The key services offered by the Advocates under the Scheme include but not limited to:
Alternative Dispute Resolution Mechanism such as; Counseling, legal advice, mediation. Negotiations, reconciliations and arbitration;
Legal representation in Courts of Law;
Legal advice and Counseling;
Legal and Human Rights awareness campaigns such as community sensitization, media campaigns and simplified information materials.
Nature of services
Related to but not limited to: Administrative law, Business law, in relation to non profit making organization, Child care and protection, Criminal law, Debt and credit, Discrimination, Employment and Industrial law, Family and Succession law, Wills and Estates, Human Rights, Land Rights, Tenancies, Women's Rights, Environmental and Health and any other matter approved by the Law Council or a body delegated by the Law Council for that purpose.
Business law in relation to profit making organizations; Intractable disputes between neighbours; Personal injury and professional negligence; Traffic matters; motor vehicle accidents and Local government and planning issues.
Annual Pro-Bono Day Highlights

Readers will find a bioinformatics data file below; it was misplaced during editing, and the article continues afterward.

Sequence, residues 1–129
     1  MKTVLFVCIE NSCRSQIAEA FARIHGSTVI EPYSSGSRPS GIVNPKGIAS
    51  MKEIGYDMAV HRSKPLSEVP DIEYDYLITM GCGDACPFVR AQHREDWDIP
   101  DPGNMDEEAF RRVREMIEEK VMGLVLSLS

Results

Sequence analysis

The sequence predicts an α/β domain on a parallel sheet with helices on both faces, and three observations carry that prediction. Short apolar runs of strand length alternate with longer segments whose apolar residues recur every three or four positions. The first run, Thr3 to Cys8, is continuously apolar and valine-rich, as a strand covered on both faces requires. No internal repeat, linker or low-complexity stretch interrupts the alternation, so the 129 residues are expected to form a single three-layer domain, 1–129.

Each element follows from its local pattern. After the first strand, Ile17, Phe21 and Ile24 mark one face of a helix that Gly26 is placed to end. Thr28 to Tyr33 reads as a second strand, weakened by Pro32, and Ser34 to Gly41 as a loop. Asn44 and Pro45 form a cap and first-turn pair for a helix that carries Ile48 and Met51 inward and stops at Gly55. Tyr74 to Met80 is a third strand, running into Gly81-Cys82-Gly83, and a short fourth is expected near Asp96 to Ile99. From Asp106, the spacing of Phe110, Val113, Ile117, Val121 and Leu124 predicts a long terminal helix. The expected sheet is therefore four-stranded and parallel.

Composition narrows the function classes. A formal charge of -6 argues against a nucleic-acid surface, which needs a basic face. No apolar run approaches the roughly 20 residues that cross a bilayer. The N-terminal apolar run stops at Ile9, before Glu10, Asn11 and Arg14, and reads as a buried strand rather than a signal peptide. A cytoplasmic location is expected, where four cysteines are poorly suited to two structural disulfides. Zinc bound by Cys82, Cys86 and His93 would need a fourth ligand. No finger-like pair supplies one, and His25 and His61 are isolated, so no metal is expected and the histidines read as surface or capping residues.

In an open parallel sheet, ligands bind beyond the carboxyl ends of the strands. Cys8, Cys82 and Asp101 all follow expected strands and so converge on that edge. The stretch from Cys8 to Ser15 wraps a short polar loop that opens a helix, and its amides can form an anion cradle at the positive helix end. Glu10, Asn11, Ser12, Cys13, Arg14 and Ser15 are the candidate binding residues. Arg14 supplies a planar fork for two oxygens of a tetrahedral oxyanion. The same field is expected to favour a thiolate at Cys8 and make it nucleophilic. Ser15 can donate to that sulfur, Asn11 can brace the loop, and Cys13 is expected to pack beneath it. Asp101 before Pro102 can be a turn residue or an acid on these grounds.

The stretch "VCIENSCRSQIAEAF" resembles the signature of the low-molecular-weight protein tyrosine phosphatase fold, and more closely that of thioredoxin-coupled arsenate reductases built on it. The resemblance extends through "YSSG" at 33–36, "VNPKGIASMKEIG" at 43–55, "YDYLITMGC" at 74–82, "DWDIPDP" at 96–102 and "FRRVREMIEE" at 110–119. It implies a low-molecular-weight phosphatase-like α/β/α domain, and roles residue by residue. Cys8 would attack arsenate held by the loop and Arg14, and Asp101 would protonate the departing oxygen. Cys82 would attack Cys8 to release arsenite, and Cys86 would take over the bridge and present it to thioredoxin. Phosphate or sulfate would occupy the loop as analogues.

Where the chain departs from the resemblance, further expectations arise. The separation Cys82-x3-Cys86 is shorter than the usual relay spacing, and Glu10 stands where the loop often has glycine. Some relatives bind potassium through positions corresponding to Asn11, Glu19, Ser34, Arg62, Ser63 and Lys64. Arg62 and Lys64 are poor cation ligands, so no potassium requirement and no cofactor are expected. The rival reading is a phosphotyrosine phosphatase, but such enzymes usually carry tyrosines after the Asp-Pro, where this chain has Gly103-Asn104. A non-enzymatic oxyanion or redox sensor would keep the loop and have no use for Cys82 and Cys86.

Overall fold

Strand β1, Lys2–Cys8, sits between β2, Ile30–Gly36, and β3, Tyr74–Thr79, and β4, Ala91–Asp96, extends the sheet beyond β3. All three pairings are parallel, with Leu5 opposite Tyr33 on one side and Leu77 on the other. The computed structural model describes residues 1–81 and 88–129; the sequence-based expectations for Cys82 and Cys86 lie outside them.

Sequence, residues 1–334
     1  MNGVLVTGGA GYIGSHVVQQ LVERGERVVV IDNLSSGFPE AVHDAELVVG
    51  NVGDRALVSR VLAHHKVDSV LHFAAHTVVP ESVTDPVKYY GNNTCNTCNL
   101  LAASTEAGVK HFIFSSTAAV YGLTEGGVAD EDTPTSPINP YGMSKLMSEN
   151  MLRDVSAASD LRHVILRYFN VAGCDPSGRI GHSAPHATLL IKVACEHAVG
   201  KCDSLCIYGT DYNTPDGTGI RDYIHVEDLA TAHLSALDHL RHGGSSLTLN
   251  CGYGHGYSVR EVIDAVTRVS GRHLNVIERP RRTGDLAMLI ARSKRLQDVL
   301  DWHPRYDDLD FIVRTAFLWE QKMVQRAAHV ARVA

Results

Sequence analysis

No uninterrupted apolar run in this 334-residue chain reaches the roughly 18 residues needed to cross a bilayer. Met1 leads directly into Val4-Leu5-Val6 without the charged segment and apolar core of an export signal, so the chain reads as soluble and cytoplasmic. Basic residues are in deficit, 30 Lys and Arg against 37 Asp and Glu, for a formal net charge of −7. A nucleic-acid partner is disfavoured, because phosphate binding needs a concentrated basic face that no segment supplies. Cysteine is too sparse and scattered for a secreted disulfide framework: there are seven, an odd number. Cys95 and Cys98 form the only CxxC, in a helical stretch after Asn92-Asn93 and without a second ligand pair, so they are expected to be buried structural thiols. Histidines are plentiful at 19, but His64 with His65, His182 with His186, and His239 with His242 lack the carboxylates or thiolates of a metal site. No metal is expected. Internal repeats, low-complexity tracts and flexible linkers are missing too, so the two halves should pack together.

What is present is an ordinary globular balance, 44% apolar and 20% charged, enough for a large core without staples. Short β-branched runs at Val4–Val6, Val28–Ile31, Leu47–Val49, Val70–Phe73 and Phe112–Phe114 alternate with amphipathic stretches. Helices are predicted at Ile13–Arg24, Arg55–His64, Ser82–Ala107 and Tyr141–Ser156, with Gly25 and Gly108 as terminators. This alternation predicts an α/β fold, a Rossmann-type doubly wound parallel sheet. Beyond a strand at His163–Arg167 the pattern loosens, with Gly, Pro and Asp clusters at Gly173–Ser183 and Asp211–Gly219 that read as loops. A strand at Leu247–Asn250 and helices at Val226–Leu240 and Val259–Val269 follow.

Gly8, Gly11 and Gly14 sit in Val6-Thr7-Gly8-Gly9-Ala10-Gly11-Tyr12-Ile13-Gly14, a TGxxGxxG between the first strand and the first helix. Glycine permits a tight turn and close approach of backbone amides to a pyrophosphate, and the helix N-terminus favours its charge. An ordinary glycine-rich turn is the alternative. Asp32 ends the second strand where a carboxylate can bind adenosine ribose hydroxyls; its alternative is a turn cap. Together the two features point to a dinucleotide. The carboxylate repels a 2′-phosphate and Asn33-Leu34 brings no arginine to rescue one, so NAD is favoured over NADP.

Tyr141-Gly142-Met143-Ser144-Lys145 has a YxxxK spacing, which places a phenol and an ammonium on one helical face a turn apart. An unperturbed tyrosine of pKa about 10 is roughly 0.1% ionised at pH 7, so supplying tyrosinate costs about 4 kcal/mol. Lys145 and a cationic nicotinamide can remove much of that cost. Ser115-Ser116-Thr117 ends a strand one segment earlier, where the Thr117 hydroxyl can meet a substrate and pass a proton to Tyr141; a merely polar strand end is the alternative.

Total Number of Advocates 999
Total Number of Clients 1848
Male clients 1,140
Female clients 652
Total Number of Advocates 1,009
Total Number of Clients 1,860
Male clients 950
Female Clients 910
Total Number of Advocates 1,108
Total Number of Clients 2,010
Male Clients 1,271
Female Clients 739
The Role of Uganda Law Society
As the National Bar Association of Uganda, Uganda Law Society is mandated under the Uganda Law Society Act to:
Assist the public in all matters touching, ancillary or incidental to the law;
To lobby, advocate and ensure respect of the rule of law for similar legal rules and rights.
The Role of the Law Council
The Law Council is mandated to enforce and regulate the provision of legal services and in pursuit of this directive, it enacted the Advocates
(Pro-bono Services to Indigent Persons) Regulations SI No. 39 of 2009 under which Advocates are required to provide forty (40) hours of Probono services every year or make payment in lieu.
Management of the Pro-bono Scheme
The Scheme is managed by a Board of Trustees namely;
Two members of the Law Council, one of whom shall be the chair person of the Board;
The President of the Uganda Law Society;
The Chief Registrar or his or her representative; and